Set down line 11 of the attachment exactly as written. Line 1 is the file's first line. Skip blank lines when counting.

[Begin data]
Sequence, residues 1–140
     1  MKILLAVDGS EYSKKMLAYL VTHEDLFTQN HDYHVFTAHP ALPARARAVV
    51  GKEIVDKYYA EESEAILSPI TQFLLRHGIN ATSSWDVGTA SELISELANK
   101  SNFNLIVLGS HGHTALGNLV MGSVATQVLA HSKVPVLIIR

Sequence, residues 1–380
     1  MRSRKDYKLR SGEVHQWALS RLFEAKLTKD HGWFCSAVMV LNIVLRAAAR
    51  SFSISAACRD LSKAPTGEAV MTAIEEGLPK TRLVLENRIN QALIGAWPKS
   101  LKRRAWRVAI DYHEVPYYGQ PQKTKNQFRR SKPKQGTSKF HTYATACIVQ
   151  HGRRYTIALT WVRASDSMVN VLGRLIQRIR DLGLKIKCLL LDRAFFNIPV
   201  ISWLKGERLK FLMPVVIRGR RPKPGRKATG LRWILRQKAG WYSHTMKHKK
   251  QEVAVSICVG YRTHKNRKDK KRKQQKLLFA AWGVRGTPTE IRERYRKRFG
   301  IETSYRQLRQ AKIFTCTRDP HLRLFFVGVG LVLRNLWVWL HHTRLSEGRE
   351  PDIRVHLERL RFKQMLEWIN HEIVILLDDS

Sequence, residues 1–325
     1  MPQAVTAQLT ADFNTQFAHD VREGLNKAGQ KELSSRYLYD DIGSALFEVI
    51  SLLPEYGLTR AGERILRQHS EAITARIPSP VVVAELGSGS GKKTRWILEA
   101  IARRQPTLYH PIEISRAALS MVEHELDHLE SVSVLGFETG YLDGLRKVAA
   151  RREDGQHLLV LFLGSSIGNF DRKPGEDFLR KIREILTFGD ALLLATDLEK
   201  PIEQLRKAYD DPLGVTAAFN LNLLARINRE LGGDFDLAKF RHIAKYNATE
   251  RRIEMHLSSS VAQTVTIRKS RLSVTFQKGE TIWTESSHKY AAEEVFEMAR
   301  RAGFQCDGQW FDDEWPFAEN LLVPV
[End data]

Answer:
   251  QEVAVSICVG YRTHKNRKDK KRKQQKLLFA AWGVRGTPTE IRERYRKRFG